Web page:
I attempted to lift myself back up instead of starting the bump too early but was being pulled back too hard. What resulted was not a back bump but rather dropping all of my weight directly onto my backside.
I took a powerbomb on my butt. It looked silly, and everyone in the back had reason to harass me for the way it looked. Taking a bump wrong can potentially expose the whole business to paying fans watching from ringside.
Disregarding that, it hurt significantly worse than if I had taken the regular bump. There is a good reason why every wrestler known for doing leg drops now has problems walking.
I am in the process of selling my way back to my feet when I hear my opponent either gesturing to the referee or me.
"I forgot what comes next!"
We were past the point of hiding and directly into just attempting to save the match somehow.
"ELBOW! ROLLING ELBOW! GO FOR THE ELBOW!"
Said move was a signature of one of her sons, so it was easy for her to pick up.
She did a rotation to hit me with the elbow when I lifted my leg and stomped her knee, collapsing her to the floor.
I went to my bag in the corner of the ring that John, thankfully, did not take to the back. A spatula was pulled from the bag and held in the sky like Arthur’s Excalibur. Would a spatula be enough for this person indirectly responsible for all of my character’s troubles?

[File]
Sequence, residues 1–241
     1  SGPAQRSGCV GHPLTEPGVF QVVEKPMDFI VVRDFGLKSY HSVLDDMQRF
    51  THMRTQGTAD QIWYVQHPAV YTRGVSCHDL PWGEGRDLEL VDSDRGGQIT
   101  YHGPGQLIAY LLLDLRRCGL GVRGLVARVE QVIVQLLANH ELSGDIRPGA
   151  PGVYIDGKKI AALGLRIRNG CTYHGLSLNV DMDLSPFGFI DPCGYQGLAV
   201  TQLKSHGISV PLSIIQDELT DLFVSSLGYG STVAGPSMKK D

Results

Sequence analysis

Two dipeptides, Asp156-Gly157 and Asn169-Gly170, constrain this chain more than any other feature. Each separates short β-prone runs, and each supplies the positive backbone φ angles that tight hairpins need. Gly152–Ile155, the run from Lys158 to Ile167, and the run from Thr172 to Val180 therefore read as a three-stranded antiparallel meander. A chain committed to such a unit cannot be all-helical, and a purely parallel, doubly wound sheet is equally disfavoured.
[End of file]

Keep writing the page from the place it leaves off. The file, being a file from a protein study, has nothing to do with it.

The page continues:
No. I threw down the spatula and lifted one of my crutches with both hands to use as a weapon.
I stepped over my opponent, who was staring at the lights from her back. With one leg on both sides and while bellowing threats to the crowd to not even give the slightest hint of subtlety as to where this was going, I lifted the crutch over my head, and Terri kicked her leg up as hard as she could.
"Right in the yam bag!" my commentary partner announced.
Censorship and providing family-friendly dialogue force people to find the strangest of synonyms. A thank you needs to go to Taz for coming up with that one.
I collapsed to the ring mat, slamming the crutch on the ground.
After selling in each corner of the ring to milk the crowd’s reaction for all it was worth, I stood, bent at the waist, awaiting the final blow.
For weeks I had reminded Terri of the necessities of this spot.
"When you hit me with the crutch, you can hit me as hard as possible. Seriously, bend this thing in half over me. As long as you hit me in the meaty parts of my shoulders or back and not the spine, it will hurt, but I will be fine. If we build everything up to a weak finish, it won’t matter."
I figured that I probably didn’t need to remind my opponent of this as she was one of the few people in the show I would genuinely be terrified of in real life. She also slapped me into another dimension at the beginning of the match, so there would be no reason for her not to hit me as hard as possible.
The crutch came up. I closed my eyes, prepared for the worst, and…